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Following that I designed retail products and produced illustrations for EH Magazine, for several educational projects and for the anthology of short stories titled ‘These Our Monsters’.

 

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In November 2019 much of my output was on show in Grand Tour: Works Commissioned from Clive Hicks-Jenkins by English Heritage at Martin Tinney Gallery, Cardiff.

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In some ways producing illustrations as prizes for the Telling Tales short story competition winners was the most challenging part of the project, because there was the added responsibility of wanting the experience for the young writers to be the best.

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Telling Tales was English Heritage’s theme of 2019, designed to promote interest in the many sites around which the project had been built. Had it come a year later things would have turned out quite differently as right now all the sites are closed until future notice, and their retail outlets with them. Most of the EH team I worked with are on furlough. Even so a few weeks ago it was suggested I work on an extension to the project, and while pleased and flattered to be asked, I declined. Any commission is hard work, but this one was particularly challenging because the briefs were demanding and I was answerable to a great many stakeholders over a long period. Sustaining concentration and the energy to deliver to schedule throughout it was exhausting, and while I greatly appreciated being the artist entrusted with the challenges, now feels like the moment to be moving on.

 

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Hans Poelzig’s and Marlene Moeschke’s work on Paul Wegener’s 1920 film of ‘The Golem’

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I’ve long held a passion for Paul Wegener’s 1920 film of The Golem, based on the Jewish legend of the biddable man made by Rabbi Loew out of clay. (Though of course things don’t go quite as intended and the creature conjured into life develops a mind of its own.)

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Wegener recruited architect Hans Poelzig as set designer for what would turn out to be the most extraordinary depiction of a Jewish ghetto made in the style that’s now described as ‘Plastic Expressionism’ after the modelled shapes and textured surfaces of the sets, as opposed to the previous ‘German Expressionism’ used by historian’s for films such as The Cabinet of Dr. Caligari in which the sets were flat surface constructions with all elements, from the skewed architecture to the angled shadows and shafts of light, painted onto them.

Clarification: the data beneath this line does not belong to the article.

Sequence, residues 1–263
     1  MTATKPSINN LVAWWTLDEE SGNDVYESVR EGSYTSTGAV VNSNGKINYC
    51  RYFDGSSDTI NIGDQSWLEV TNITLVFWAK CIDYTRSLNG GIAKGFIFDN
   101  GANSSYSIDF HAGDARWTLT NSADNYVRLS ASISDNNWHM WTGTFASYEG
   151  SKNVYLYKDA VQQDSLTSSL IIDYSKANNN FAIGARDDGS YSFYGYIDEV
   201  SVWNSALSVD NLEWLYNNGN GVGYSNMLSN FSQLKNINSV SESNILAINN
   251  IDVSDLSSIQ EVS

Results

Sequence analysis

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Poelzig’s atmospheric sketches from his Golem project-book were translated into a Prague Ghetto of perspective-defying labyrinthine streets, alleyways and courtyards where high gables and witch’s hat rooftops twist out of true over buildings that slouch and slump under the weight. Wegener filled it with roiling rivers of extras in a horrifying crush of humanity and it’s hard to believe the crammed effects were achieved with any degree of safety for the participants.

 

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Below: a meandering street of the Jewish ghetto seen here under construction. As the director’s fixed position cameras would be set up to film from carefully selected angles, the buildings could be created as thin facades over scaffolds.

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Below: this image demonstrates the wonderful textures of plasterwork on the sets for The Golem as carried out by the UFA scenic department.